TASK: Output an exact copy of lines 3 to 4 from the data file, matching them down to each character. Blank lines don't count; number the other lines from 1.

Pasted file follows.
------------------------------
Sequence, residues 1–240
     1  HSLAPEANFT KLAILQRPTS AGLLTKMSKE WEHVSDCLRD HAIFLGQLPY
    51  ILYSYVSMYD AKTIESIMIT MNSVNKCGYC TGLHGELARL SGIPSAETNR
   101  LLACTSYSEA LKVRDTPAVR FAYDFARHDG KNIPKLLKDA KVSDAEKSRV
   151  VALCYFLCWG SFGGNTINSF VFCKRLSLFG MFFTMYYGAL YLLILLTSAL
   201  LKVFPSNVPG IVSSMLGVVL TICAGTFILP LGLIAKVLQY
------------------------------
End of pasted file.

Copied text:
    51  ILYSYVSMYD AKTIESIMIT MNSVNKCGYC TGLHGELARL SGIPSAETNR
   101  LLACTSYSEA LKVRDTPAVR FAYDFARHDG KNIPKLLKDA KVSDAEKSRV